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Going to be stuck in the truck?

Being far from home on Election Day is not a good reason to give up your vote. You can still make your voice heard at home and help set the course on national, state and local issues.

All states allow advance voting. It’s an ideal setup for over-the-road professionals. Some states allow mail-in ballots, commonly referred to as absentee ballots. Other states allow voting in person at locations leading up to Election Day. This is known as early voting. Elsewhere, some states conduct elections by mail. Your local elections office or secretary of state’s office should have details.

Absentee voting
Most states offer “no excuse” absentee voting – meaning you do not have to give a reason why you want to cast an absentee ballot. Other states either allow permanent no excuse absentee voting or allow voters to cast absentee ballots only under a limited set of circumstances.

Absentee ballots – or even permanent absentee ballots – can be requested by contacting a county clerk, county auditor, county registrar or supervisor of elections, or the board of elections – depending on the state. Phone numbers for those offices should be in the government pages of your local telephone book or online.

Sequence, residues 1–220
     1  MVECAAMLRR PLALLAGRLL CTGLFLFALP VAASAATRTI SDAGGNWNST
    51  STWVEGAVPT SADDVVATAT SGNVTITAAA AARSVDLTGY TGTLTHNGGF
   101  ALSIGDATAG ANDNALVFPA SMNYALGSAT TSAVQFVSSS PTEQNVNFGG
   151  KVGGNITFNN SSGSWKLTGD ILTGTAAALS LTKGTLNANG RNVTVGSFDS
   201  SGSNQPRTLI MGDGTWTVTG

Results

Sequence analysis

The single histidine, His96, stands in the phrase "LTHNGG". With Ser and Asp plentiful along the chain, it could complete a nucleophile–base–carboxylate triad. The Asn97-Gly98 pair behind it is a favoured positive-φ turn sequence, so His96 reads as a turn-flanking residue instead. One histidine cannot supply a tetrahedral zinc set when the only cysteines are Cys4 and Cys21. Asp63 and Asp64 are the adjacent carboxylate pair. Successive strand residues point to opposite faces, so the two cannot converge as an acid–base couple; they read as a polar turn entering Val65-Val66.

Early voting
Some type of early voting is offered in two-thirds of the states. It allows voters to simply decide to vote early.

No-excuse early voting differs from absentee voting. Voters may visit an election official’s office – or in some states other satellite voting locations – and cast ballots in person.
The time periods for early voting vary from state to state. The average starting time for early voting in affected states is 22 days before Election Day.

Mail voting
Colorado, Oregon and Washington run their elections entirely by mail. The process is used to send a ballot to every registered voter prior to Election Day. In addition, nearly 20 states allow certain elections to be held by mail. LL